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Corporate strategy in turbulent environments: Key roles of the corporate level

Author

Listed:
  • Caldart, Adrian A.

    (Warwick Business School)

  • Ricart, Joan E.

    () (IESE Business School)

Abstract

This paper analyzes the evolution during the period 1986-2002 of the corporate strategy of Lujan, a highly successful car components manufacturer headquartered in Spain, as a way to explore how the corporate level influences the successful evolution of a company exposed to a "turbulent" environment over a long period. We find that the corporate level plays three key roles. First, it drives a firm's evolution by developing a cognitive representation of the firm's competitive landscape. Second, it paces the company's evolution by alternately shifting the balance of organizational initiatives between static efficiency-based "local search" strategies, chosen in times of stability or economic slowdown, and dynamic efficiency-based "long jump" strategies, adopted during periods of major environmental turbulence. Long-jump corporate strategies, carried out through limited downside strategic initiatives such as real options and strategic alliances ("off-line long-jumps"), are particularly frequent in these circumstances. The third role consists of developing an organizational architecture that frames the self-organized coordination of the different business divisions. The Lujan story clearly illustrates the important role of corporate strategy in a firm that must undergo radical transitions as a result of major environmental changes.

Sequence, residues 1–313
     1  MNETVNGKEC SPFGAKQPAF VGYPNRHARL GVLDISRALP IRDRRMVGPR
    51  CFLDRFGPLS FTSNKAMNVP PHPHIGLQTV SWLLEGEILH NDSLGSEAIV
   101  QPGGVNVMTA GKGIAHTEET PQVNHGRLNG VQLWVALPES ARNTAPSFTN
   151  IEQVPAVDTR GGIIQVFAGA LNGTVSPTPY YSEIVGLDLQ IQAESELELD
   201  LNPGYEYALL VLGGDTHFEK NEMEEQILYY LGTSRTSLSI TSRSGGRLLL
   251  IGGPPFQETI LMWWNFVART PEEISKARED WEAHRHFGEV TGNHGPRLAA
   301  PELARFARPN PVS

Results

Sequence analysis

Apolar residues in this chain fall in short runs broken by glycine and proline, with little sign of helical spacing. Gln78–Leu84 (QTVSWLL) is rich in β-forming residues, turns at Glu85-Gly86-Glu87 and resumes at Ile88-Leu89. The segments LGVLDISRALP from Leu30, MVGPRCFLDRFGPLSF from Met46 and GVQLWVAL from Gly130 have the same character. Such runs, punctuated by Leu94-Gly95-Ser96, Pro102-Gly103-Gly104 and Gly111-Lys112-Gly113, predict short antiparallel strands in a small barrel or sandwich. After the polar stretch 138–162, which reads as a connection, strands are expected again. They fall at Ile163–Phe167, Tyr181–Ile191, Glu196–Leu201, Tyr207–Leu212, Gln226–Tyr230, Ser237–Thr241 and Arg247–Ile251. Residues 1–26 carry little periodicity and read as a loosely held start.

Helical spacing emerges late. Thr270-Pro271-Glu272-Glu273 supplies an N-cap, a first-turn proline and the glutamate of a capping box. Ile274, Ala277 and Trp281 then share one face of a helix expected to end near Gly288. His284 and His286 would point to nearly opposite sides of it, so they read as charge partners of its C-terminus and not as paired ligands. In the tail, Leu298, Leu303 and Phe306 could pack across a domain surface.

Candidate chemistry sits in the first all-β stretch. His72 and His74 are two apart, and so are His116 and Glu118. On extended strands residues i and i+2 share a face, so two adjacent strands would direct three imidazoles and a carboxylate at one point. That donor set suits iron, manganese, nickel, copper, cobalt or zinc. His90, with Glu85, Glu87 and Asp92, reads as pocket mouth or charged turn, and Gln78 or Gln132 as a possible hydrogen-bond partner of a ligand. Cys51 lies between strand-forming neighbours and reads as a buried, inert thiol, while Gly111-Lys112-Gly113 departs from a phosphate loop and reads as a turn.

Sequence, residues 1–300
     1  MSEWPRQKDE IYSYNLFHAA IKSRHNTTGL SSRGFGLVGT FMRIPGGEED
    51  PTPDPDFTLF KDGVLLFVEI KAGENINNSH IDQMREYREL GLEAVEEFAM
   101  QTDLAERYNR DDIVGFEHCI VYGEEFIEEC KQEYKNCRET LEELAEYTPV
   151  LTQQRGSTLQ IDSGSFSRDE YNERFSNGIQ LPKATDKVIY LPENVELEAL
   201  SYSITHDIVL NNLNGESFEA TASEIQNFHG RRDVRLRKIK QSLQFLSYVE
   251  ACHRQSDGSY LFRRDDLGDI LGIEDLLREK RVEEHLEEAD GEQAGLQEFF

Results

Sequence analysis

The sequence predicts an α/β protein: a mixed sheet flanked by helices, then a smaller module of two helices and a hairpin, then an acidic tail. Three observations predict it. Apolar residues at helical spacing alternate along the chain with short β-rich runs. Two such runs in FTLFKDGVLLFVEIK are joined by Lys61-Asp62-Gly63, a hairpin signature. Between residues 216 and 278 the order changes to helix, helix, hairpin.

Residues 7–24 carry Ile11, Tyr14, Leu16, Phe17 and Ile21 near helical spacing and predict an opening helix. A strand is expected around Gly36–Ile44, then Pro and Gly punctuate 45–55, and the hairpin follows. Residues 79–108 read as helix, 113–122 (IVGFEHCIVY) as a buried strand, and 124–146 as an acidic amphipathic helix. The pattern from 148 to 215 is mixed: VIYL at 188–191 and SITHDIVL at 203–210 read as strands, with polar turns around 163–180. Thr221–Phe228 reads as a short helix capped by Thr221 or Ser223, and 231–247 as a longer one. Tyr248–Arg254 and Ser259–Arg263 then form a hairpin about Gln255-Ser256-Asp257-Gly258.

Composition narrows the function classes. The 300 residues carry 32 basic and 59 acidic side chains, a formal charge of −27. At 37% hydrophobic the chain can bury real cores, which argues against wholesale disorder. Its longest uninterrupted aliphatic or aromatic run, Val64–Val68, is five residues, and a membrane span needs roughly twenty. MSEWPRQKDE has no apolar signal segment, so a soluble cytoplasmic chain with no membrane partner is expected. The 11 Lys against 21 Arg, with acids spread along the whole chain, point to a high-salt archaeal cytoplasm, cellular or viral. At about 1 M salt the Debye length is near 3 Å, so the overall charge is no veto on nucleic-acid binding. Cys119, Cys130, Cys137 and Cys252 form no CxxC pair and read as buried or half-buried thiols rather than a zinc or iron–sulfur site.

Suggested Citation

  • Caldart, Adrian A. & Ricart, Joan E., 2006. "Corporate strategy in turbulent environments: Key roles of the corporate level," IESE Research Papers D/623, IESE Business School.
  • Handle: RePEc:ebg:iesewp:d-0623
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    References listed on IDEAS

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    1. Schmalensee, Richard, 1985. "Econometric diagnosis of competitive localization," International Journal of Industrial Organization, Elsevier, vol. 3(1), pages 57-70, March.
    2. Gabriel Hawawini & Venkata Subban Subramanian & Paul Verdin, 2003. "Is performance driven by industry- or firm-specific factors? A new look at the evidence," ULB Institutional Repository 2013/14188, ULB -- Universite Libre de Bruxelles.
    3. Ghemawat, Pankaj & Ricart, Joan E., 1993. "Organizational tension between static and dynamic efficiency, The," IESE Research Papers D/255, IESE Business School.
    4. Herbert A. Simon, 1996. "The Sciences of the Artificial, 3rd Edition," MIT Press Books, The MIT Press, edition 1, volume 1, number 0262691914, January.
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    Keywords

    corporate strategy; turbulent environments; complexity theory; car components;

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    1. Studies on the automobile industry

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